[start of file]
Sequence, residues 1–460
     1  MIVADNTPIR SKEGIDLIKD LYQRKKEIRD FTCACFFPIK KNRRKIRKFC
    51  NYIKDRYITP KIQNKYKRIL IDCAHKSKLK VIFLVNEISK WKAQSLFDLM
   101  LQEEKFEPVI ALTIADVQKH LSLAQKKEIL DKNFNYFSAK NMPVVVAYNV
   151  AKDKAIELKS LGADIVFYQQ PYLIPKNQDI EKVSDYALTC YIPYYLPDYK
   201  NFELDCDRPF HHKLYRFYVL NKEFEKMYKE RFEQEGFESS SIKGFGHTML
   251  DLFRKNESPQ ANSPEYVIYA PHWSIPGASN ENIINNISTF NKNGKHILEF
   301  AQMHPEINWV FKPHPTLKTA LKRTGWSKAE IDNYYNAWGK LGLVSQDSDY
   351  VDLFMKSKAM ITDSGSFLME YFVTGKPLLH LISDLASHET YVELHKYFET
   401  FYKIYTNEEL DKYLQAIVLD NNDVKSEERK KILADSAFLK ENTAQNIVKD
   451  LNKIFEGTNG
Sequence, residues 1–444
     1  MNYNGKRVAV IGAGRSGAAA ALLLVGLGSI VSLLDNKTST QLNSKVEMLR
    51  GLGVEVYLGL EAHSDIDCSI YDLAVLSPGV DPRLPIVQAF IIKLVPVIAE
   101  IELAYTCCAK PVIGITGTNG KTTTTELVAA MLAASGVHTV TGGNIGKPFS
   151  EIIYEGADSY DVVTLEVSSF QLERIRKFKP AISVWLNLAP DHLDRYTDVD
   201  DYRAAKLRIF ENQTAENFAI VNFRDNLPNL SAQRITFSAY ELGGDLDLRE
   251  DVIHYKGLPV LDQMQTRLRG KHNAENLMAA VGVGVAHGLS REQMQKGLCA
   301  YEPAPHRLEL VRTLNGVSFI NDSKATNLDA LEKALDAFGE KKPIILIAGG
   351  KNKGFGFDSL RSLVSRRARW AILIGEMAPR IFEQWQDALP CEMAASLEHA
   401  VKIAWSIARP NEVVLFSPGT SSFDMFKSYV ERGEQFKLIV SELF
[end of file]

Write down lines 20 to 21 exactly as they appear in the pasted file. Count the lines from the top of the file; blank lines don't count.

   351  KNKGFGFDSL RSLVSRRARW AILIGEMAPR IFEQWQDALP CEMAASLEHA
   401  VKIAWSIARP NEVVLFSPGT SSFDMFKSYV ERGEQFKLIV SELF